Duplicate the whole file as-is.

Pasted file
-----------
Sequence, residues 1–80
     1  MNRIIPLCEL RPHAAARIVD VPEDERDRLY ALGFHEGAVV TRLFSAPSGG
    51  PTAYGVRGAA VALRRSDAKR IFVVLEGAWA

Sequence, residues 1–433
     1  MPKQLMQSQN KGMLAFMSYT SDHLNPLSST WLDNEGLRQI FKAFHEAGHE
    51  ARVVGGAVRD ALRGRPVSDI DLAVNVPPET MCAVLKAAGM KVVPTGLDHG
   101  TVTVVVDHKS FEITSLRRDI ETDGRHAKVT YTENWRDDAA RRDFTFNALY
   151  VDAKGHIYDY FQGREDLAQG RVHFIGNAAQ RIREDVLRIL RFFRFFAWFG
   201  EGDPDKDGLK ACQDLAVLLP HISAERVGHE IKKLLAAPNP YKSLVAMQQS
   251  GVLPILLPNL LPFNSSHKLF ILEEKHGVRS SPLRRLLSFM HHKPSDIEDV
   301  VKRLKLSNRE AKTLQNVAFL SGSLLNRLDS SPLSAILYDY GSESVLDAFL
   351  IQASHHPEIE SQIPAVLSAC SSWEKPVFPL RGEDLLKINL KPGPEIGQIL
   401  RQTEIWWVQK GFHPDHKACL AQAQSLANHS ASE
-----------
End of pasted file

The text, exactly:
Sequence, residues 1–80
     1  MNRIIPLCEL RPHAAARIVD VPEDERDRLY ALGFHEGAVV TRLFSAPSGG
    51  PTAYGVRGAA VALRRSDAKR IFVVLEGAWA

Sequence, residues 1–433
     1  MPKQLMQSQN KGMLAFMSYT SDHLNPLSST WLDNEGLRQI FKAFHEAGHE
    51  ARVVGGAVRD ALRGRPVSDI DLAVNVPPET MCAVLKAAGM KVVPTGLDHG
   101  TVTVVVDHKS FEITSLRRDI ETDGRHAKVT YTENWRDDAA RRDFTFNALY
   151  VDAKGHIYDY FQGREDLAQG RVHFIGNAAQ RIREDVLRIL RFFRFFAWFG
   201  EGDPDKDGLK ACQDLAVLLP HISAERVGHE IKKLLAAPNP YKSLVAMQQS
   251  GVLPILLPNL LPFNSSHKLF ILEEKHGVRS SPLRRLLSFM HHKPSDIEDV
   301  VKRLKLSNRE AKTLQNVAFL SGSLLNRLDS SPLSAILYDY GSESVLDAFL
   351  IQASHHPEIE SQIPAVLSAC SSWEKPVFPL RGEDLLKINL KPGPEIGQIL
   401  RQTEIWWVQK GFHPDHKACL AQAQSLANHS ASE